The history of the Kenites and their association with Israel is rather intriguing. Because Balaam advises the Kenites to set their nest in a rock, שִׂים בַּסֶּלַע קִנֶּךָ–“Sim b’seh’lah kee’neh’cha,” the Kenites never really achieve a permanent dwelling place. At first they dwell in Jericho. During the time of Jeremiah, they are found dwelling in tents, since they deemed it better to dwell in a secure nest (tent), rather than reside in a permanent home that is vulnerable.

The Kenites play an important role in Israel’s conquest of the Promised Land. In the book of Joshua 4:21, during the battle against the Canaanites led by Deborah and Barak, Yael, the Kenite woman welcomes Sisra, the Canaanite general who has fled from defeat on the battlefield, into her tent and smashes his head with a tent peg. She is then praised by Deborah and immortalized in Deborah’s great song, Joshua 5:24, תְּבֹרַךְ מִנָּשִׁים יָעֵל אֵשֶׁת חֶבֶר הַקֵּינִי, מִנָּשִׁים בָּאֹהֶל תְּבֹרָךְ, “May you, Yael, the wife of Chehver, the Kenite, be blessed. May you be blessed above all women in the tents.”

Throughout the early history of Israel, the Kenites play important roles in the destiny of Israel, as friends, compatriots, protectors, judges and scholars in Israel. It is fascinating to see how one small nation, who seems to play a rather insignificant role, has a profound impact on Jewish destiny and on the stage of world history.

May you be blessed.

Please note: The Fast of Shivah Assar b’Tammuz (the 17th of Tammuz) will be observed this year on Sunday, July 24th, 2016, from dawn until nightfall. The fast commemorates the breaching of the walls of Jerusalem, leading to the city’s and Temple’s ultimate destruction. The fast also marks the beginning of the “Three Week” period of mourning, which concludes after the Fast of Tisha B’Av that will be observed on Saturday night and Sunday, August 13th and 14th. Have a meaningful fast.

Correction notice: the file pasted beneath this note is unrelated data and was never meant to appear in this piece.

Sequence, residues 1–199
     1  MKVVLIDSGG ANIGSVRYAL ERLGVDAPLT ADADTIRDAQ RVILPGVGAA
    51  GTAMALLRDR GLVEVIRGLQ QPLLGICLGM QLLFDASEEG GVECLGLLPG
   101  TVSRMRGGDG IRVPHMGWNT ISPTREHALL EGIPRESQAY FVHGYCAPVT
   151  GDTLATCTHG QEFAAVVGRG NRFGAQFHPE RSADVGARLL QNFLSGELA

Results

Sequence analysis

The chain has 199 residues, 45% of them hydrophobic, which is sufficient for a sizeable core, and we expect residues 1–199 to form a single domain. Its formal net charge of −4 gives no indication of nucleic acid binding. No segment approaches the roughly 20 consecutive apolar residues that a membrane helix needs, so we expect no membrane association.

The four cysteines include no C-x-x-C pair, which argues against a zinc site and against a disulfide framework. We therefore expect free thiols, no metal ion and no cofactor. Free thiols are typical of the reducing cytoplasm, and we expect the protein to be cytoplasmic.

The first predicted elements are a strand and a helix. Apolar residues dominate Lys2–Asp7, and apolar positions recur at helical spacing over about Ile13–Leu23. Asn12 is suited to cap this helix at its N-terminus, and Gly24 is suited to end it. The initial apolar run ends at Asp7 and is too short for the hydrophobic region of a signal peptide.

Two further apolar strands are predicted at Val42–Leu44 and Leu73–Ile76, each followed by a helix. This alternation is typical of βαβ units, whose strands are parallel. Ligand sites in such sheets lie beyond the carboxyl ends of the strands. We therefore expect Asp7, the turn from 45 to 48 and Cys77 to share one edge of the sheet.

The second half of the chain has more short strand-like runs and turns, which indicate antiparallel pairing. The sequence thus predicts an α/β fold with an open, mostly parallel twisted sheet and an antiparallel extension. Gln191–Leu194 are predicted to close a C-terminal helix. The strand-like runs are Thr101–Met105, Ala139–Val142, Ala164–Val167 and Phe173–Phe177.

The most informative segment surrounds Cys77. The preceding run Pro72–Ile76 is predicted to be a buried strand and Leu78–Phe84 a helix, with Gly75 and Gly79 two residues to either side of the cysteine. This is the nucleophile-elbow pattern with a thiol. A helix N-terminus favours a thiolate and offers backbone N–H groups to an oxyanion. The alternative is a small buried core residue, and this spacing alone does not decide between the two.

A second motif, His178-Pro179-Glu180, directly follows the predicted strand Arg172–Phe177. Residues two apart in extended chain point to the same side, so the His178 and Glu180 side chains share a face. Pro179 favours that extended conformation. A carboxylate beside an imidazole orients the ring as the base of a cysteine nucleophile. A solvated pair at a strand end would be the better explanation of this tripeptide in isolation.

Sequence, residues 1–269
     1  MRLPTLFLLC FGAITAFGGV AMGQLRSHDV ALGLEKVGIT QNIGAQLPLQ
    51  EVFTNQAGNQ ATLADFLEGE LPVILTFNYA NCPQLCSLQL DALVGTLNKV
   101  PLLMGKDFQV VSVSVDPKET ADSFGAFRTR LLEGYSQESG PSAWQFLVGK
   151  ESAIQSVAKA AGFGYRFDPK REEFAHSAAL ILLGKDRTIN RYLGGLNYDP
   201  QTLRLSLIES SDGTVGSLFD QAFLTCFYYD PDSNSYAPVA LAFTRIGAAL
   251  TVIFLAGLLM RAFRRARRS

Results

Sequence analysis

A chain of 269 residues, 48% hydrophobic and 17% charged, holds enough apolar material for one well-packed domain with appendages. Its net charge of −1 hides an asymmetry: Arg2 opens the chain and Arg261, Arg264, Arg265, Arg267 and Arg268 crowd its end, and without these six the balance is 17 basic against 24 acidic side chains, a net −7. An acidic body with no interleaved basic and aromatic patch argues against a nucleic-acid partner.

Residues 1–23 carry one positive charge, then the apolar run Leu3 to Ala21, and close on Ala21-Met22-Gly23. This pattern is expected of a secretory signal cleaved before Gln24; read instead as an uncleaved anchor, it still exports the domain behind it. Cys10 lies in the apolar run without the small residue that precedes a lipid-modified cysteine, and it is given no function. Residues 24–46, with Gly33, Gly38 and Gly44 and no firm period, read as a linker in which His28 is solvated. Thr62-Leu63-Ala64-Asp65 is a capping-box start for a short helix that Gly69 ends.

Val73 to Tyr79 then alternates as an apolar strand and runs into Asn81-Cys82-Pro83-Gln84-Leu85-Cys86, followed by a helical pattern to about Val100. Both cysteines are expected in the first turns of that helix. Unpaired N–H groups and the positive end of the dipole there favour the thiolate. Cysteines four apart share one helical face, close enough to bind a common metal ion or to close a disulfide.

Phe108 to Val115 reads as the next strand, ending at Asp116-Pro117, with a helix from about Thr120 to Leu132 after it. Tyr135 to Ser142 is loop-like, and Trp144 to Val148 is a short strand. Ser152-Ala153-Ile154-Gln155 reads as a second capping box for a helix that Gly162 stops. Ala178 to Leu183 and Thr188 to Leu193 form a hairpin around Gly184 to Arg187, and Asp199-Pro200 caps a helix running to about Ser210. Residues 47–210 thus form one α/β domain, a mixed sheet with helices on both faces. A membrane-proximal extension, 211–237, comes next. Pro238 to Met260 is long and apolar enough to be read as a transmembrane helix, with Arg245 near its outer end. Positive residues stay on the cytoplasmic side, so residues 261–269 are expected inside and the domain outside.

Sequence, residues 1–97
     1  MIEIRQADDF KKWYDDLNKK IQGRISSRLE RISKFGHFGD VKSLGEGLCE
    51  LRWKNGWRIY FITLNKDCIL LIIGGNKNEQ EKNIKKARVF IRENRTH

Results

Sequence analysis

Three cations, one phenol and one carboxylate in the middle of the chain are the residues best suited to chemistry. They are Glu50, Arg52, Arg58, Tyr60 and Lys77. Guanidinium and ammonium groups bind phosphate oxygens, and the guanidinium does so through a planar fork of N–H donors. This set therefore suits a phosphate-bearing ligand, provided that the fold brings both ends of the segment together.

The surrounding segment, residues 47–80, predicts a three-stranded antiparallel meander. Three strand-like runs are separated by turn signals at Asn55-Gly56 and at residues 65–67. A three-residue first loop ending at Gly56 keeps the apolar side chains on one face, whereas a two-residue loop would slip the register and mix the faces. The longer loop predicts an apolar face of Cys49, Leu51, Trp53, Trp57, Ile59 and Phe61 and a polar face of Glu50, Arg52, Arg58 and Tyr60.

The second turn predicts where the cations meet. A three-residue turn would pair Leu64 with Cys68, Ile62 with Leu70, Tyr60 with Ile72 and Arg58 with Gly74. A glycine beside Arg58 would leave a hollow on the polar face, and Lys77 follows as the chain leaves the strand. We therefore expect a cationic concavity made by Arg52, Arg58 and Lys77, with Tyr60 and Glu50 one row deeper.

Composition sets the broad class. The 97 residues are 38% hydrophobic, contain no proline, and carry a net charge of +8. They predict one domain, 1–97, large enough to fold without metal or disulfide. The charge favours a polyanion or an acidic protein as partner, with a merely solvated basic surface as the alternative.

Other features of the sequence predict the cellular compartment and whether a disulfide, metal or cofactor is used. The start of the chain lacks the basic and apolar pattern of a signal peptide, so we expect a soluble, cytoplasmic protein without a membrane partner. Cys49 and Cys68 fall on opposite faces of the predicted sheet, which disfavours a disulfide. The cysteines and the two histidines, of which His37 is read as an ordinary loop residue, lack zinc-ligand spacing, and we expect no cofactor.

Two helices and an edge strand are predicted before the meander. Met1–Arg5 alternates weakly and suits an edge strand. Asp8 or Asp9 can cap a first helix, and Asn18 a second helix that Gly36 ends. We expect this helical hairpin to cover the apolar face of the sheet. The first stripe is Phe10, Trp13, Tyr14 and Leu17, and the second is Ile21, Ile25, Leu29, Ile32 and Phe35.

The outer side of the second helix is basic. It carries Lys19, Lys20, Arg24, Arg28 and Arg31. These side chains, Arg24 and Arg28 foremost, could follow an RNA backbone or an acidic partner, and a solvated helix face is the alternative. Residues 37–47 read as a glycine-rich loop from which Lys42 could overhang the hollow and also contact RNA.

Chukat 5776-2016

“The Bronze Serpent”

by Rabbi Ephraim Z. Buchwald

 

In this week’s parasha, parashat Chukat, we learn that the People of Israel are at it again! Only a short distance remains for them to complete their journey of forty years in the wilderness before they enter the Promised Land. But, again they begin to complain, this time, about the lack of food and water.

This is the last recorded of Israel’s complaints in the wilderness, but it is considered a most grievous one. Their previous complaints were all directed at Moses, the Al-mighty’s faithful servant, but this time it is also defiantly directed at G-d Himself!

The entire episode is recorded in the Torah in only six verses, Number 21:4-9.

The people travel from Mount Hor where Aaron, the High Priest, died and was buried. They were then directed to go by way of the Red Sea and to avoid the land of Edom, whose citizens had refused them passage through their land. Fearing that they, like their ancestors, were moving away from the land of Israel and would die in the wilderness, the Israelites speak up against G-d and Moses saying, Numbers 21:5, לָמָה הֶעֱלִיתֻנוּ מִמִּצְרַיִם לָמוּת בַּמִּדְבָּר כִּי אֵין ?לֶחֶם וְאֵין מַיִם, וְנַפְשֵׁנוּ קָצָה בַּלֶּחֶם הַקְּלֹקֵל “Why did You bring us up from Egypt to die in the wilderness, for there is no food and no water, and our soul is disgusted with the miserable food?”

The great Nehama Leibowitz, points out that when compared with the people’s complaints on previous occasions, there is a significant change in the wording found this time. When they stood in panic at the Red Sea, surrounded by the Egyptians who were pursuing them, they cried out (Exodus 14:11): “What is this that you have done to us to take us out of Egypt?”  When Datan and Abiram, who were followers of Korach, confronted Moses, they said, Numbers 16:13, “Is it not enough that you had brought us up from a land flowing with milk and honey.” In both instances, the complaints were directed at Moses alone. Here, however, they speak against both Moses and against G-d.